Exploring the Role of Language Development and Verbal Encoding in Short-Term Recognition Memory in Early Childhood
Cardell, Annie Maria
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There is evidence that language ability is related to a number of cognitive processes, including memory. As children become more proficient language-users, they develop the ability to use language as a memory attribute. This study used EEG coherence to investigate the extent to which verbal encoding strategies account for individual differences in two short-term recognition memory tasks in 50 3-year-olds. Children with better expressive and receptive language performed better on the picture memory task (which contains stimuli that can easily be labeled) but not the abstract memory task, indicating that language may support memory processes for some types of stimuli more than for others. Analyses of EEG coherence at the hypothesized electrode pairs (F7-T3 and F8-T4) at baseline and encoding were not significant, indicating that verbal encoding does not account for individual differences in short-term memory performance. When these electrode pairs were examined at baseline and retrieval for the picture memory task, EEG coherence analyses indicated that it may be the use of language as a retrieval cue rather than an encoding strategy that explains individual differences in short-term recognition memory.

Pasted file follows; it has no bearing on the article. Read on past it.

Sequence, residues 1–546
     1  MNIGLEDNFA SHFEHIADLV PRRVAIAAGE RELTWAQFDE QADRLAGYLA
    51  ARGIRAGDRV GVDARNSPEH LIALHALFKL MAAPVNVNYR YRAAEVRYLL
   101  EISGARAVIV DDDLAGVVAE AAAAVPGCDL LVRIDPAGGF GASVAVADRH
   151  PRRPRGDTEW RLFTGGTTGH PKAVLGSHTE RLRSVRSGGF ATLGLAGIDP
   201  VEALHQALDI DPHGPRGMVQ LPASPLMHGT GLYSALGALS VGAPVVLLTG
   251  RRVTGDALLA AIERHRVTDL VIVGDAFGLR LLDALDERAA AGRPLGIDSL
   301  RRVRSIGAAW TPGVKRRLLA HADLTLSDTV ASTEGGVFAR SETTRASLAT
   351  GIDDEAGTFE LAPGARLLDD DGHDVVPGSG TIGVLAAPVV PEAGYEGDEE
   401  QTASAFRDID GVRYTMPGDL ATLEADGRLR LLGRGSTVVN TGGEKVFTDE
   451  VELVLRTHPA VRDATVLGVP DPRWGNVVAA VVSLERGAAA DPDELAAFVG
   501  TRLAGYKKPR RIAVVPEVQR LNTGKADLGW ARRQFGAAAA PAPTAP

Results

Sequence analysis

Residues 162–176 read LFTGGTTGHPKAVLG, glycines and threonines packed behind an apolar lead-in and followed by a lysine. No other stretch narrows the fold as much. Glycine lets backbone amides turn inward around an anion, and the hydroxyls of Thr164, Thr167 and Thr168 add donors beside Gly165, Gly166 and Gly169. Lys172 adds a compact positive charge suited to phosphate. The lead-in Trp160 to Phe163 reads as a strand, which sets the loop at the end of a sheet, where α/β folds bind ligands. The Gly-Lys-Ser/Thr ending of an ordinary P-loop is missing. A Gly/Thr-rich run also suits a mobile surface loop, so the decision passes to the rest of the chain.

- Doctoral Dissertations